"I know," he said. He set the cloth on his lap and turned to see how Briar and Hermione were faring. His toddler nephew was currently keeping Hermione occupied with a colorful charm bracelet and the story behind every single colorful charm. Rian hid a smile. "I'll try speaking to your father again, if you like."

"I like, please—I like." Olivia said, wearily. "All I wanted was to be a good healer, not a manager, an accountant and the problem-solver for every empty-headed idiot within fifty paces of where I stand. I wanted to do art therapy and here I am stuck in a place where all I can do is shout about cheating over time-cards."

"Shhh, easy." Rian murmured. He unbuttoned his shirt-cuff and began to roll his sleeve up his arm. "You shouldn't be home alone when you're in a mood like this. Did they all have to go? Every single last one of them?"

"Pareyic Coven," Olivia reminded him. "It hurts to leave me behind, but everyone else went—even the children. They couldn't take me and these little ones, they're too young. I chose them. I knew what I was getting into. You don't need to scold me for it. I'm a big girl now. "

"So I see," Rian said. "Am I scolding or simply worrying for your well-being since my brother is an idiot?" He sighed. "Don't answer that. I'm actually here to ask you a favor and I'm in a bit of a rush, because your Uncle Briar can't wait to throw himself headlong into the hole he spent the past few years digging for himself."

Olivia winced. "I already feel sorry for him," she said, sincerely.

"Whose side are you on?" Rian countered. "The young woman with him is a human witch from Earth. She wound up here through some very complicated circumstances and landed in Lord Aiden's personal mansion. I'm asking you to grant her a safe haven until I can come for her. She's looking for a friend of hers, a young boy by the name of Harry Potter."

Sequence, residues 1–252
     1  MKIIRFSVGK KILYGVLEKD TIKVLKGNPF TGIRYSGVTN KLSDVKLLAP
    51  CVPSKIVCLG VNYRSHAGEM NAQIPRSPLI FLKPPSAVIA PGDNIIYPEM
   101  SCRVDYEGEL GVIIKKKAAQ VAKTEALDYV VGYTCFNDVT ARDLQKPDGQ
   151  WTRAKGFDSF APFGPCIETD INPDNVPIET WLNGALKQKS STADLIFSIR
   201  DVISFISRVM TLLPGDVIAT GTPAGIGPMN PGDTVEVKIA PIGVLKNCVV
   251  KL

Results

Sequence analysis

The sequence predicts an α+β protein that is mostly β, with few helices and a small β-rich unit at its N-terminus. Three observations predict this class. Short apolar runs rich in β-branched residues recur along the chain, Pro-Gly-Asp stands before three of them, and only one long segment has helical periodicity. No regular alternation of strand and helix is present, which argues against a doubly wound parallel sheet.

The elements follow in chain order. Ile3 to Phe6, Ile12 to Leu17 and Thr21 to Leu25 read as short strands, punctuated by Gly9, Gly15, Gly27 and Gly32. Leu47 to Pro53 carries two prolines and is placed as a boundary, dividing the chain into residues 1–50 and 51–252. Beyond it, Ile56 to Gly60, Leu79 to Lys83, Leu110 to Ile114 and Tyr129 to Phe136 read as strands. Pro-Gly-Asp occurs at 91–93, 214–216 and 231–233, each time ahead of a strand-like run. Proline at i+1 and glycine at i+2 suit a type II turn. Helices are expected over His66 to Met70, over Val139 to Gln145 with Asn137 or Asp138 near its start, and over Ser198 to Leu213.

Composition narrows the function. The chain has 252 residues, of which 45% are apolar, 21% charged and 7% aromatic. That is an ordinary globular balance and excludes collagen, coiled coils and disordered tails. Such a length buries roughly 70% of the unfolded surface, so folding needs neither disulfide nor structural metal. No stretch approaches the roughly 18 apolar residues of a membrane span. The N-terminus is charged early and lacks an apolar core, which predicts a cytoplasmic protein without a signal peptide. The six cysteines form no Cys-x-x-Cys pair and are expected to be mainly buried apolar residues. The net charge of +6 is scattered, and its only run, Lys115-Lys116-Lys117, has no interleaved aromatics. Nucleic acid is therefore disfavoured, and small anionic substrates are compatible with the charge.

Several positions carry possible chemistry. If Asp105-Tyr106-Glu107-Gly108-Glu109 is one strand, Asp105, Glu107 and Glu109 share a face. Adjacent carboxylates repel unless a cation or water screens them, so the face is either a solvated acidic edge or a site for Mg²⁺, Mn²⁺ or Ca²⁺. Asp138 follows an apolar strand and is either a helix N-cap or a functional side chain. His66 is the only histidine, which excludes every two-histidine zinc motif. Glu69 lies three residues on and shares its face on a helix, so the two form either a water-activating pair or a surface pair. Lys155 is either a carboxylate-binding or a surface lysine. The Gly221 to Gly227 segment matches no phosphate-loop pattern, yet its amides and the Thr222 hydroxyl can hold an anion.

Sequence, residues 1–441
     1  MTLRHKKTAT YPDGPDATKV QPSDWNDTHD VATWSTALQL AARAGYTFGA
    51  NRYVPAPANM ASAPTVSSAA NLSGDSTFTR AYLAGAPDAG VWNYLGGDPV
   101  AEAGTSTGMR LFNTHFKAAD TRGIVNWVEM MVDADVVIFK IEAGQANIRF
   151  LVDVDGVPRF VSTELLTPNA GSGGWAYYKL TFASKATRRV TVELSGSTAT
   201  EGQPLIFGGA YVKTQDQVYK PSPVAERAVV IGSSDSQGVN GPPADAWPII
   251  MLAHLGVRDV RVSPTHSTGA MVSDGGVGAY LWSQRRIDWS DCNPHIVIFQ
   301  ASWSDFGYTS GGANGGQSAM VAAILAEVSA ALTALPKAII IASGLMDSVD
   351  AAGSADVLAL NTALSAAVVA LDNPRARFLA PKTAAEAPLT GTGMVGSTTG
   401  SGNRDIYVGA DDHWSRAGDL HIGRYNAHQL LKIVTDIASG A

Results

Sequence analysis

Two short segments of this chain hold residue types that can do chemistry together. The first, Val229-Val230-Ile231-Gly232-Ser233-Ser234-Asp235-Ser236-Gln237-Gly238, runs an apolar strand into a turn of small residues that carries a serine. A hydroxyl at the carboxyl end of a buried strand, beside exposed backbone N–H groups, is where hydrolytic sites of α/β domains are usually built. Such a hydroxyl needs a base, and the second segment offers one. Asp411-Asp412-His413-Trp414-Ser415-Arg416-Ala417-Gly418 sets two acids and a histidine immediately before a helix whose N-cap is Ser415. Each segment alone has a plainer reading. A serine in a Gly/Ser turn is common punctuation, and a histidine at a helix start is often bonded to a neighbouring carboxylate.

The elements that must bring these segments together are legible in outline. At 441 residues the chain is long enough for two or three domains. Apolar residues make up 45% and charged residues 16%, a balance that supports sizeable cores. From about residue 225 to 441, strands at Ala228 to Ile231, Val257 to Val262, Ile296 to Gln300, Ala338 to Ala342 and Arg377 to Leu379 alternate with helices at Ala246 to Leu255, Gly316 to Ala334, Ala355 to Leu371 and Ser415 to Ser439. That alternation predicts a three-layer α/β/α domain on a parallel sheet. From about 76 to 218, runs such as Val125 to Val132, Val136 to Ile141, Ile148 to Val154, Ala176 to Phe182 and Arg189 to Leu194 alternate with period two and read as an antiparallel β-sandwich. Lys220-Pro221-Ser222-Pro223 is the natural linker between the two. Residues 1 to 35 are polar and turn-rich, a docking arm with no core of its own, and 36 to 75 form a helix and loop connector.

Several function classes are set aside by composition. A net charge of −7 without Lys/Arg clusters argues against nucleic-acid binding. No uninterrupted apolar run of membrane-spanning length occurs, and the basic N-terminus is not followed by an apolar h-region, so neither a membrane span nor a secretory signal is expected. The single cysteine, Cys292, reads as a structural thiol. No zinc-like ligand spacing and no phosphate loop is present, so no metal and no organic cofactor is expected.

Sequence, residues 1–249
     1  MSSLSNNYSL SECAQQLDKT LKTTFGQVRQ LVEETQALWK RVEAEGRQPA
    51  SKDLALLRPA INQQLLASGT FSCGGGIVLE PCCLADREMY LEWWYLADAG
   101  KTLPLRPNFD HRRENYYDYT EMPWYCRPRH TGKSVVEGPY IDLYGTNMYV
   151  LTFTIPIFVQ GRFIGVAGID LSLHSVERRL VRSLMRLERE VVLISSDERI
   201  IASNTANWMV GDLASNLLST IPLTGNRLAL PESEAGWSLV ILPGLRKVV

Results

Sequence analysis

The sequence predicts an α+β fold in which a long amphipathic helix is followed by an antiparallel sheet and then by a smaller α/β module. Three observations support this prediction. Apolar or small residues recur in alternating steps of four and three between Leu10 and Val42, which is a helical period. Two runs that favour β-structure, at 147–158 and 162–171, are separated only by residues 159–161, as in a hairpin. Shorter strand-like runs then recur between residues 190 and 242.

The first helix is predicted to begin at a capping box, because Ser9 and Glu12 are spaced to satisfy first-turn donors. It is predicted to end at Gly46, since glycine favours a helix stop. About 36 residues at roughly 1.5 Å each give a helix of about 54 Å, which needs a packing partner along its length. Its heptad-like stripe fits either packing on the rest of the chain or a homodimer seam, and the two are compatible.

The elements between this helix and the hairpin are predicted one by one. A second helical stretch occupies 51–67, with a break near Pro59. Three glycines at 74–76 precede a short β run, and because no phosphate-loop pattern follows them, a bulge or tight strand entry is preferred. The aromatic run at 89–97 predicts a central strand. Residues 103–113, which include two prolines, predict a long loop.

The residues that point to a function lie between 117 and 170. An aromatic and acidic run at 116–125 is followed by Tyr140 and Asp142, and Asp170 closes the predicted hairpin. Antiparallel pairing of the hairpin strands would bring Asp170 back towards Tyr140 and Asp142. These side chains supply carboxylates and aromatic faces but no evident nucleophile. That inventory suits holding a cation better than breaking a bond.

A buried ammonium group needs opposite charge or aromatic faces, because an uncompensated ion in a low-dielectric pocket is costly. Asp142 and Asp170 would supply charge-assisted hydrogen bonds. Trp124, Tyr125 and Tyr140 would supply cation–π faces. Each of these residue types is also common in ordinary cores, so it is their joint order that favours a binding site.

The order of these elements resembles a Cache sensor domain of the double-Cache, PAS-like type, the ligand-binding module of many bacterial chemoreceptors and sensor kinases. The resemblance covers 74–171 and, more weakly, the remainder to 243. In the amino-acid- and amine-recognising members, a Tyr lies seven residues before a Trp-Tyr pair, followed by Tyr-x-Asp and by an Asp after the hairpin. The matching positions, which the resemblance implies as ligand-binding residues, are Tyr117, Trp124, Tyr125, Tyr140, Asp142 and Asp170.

A faint furrow made itself known in Olivia's brow and she frowned.

"Something wrong?"

"Name's almost familiar," she muttered. "Can't think of why though." She shook her head. "I suppose I can look after her for a bit. Not like I have anything else to do."


"I've taken administrative leave," she sighed. "So I'm not professionally suspended, because if I—do you know what happened this week? Do you have any idea what I've been through, Unk? I sent word, since it was first-hand, but I didn't hear back, so I couldn't be sure that you knew." She looked over at Briar, a gleam in her eyes. "The Immortals are waking—probably up by now, even—though I'm sure you and yours would be the first to know."

Rian's eyes flared red, briefly. He held his wrist out to her. "Bite."

Her miserable eyes flicked up to his face, before her face flushed. She bent her head and opened her mouth, delicate fangs surging up through her gums. She notched them gently, in his wrist and drank quickly and efficiently. He kept his blood clean—a requirement that was necessary for a Healer—and a detail that was very much appreciated in times like this.

When she'd taken enough, she pulled away, licking her lips. "Thanks-"